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| 2 minutes read

Unitary SPCs get the green light

As part of a sweeping package of proposals concerning Standard Essential Patents, Compulsory Licensing and Supplementary Protection Certificates (SPCs) announced on 27 April 2023, the European Commission has moved one step closer to the creation of a new unitary SPC system. The proposals include a centralised SPC application process to complement the new unitary patent and UPC system (which come into force on 1 June 2023), whereby a single application could result in the grant of a unitary SPC (covering those 17 Member States currently participating in the unitary patent system) and of national SPCs in further Member States. 

It has been just over a year since the European Commission announced a consultation on a new unitary SPC system (see my previous article "Is there a future for unitary SPCs?"). The options considered at that time included both non-legislative and legislative options. With this announcement, it appears that the European Commission have favoured the latter, with a total of four proposed regulations to cover the new system, including:

  • Two Regulations that introduce a centralised procedure for the grant of national SPCs, by recasting and repealing the existing EU regulations (one for medicinal products and the other for plant protection products), and
  • Two completely new Regulations creating a new unitary SPC (with the same centralised examination procedure), one for medicinal products and one for plant protection products.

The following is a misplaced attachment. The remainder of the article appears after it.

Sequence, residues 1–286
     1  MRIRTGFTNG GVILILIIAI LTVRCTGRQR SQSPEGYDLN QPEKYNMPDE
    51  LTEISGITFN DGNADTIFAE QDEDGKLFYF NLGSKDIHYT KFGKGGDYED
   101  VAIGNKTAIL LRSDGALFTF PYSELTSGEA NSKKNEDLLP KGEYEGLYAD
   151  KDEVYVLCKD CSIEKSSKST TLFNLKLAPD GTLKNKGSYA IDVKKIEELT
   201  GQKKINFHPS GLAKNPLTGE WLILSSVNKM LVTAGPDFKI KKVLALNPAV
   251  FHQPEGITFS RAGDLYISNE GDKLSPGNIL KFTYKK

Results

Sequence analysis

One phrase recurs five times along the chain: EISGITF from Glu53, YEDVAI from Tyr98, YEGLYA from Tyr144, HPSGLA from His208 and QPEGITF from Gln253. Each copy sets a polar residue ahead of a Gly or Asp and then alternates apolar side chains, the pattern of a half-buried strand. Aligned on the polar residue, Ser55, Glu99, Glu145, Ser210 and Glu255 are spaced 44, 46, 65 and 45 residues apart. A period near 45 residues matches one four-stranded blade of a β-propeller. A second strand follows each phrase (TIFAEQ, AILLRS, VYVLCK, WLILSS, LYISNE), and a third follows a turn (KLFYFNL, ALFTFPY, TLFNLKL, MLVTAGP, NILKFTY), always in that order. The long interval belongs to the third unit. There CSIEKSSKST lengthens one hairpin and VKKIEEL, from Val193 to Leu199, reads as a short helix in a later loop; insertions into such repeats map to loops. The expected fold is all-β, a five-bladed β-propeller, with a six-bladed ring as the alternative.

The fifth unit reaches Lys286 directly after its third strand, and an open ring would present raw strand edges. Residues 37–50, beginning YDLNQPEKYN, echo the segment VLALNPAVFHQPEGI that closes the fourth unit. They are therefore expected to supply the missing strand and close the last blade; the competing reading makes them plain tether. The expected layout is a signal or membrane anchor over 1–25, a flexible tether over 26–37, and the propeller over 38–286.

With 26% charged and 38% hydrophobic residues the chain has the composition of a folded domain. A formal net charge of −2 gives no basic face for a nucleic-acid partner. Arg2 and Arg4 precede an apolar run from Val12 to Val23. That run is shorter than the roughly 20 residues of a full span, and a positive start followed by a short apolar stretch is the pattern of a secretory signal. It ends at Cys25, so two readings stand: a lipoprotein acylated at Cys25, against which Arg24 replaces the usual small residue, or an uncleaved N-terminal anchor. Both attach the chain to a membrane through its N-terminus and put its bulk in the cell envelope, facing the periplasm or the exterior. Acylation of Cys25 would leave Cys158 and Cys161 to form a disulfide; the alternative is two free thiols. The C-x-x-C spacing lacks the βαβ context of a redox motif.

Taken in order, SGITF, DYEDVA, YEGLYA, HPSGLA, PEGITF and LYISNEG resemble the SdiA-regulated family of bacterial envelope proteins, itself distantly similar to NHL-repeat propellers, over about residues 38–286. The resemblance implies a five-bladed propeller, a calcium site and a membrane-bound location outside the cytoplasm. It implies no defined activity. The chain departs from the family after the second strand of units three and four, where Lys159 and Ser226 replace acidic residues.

The regulations will rely on the same principles (in particular the same SPC eligibility criteria) and on the same centralised examination procedure. As mentioned above, applicants will also be able to file a ‘combined application' with a view to the grant of both a unitary SPC and national SPC for additional Member States not covered by the unitary patent..

The proposals are set out in four new Explanatory Memorandums. We have not had time to digest these new proposals in detail, but a few headline points include that:

  • The unitary SPC system does not replace the existing national systems. However, a given product cannot be protected by both a national SPC and a unitary SPC in the same Member State.  
  • Applicants will be able to file a ‘combined application' with a view to the grant of both a unitary SPC and national SPC for additional Member States not covered by the unitary patent.
  • The eligibility criteria for unitary SPCs remain the same as the existing SPC system.

The proposed Regulations have not been confirmed and will still need to be discussed and agreed by the European Parliament and the Council of the European Union in view of their adoption and entry into force. They are also open for public feedback for a period of 8 week(s). 

Today, the Commission has proposed new rules to help companies, especially small and medium-sized companies (SMEs), make the most of their inventions, leverage new technologies and contribute to the EU's competitiveness and technological sovereignty. The proposed Regulations on standard essential patents, compulsory licensing of patents in crisis situations, and the revision of the legislation on supplementary protection certificates will create a more transparent, effective and futureproof intellectual property rights framework.

Tags

life sciences, litigation & disputes, patents, pharmaceuticals, upc, yes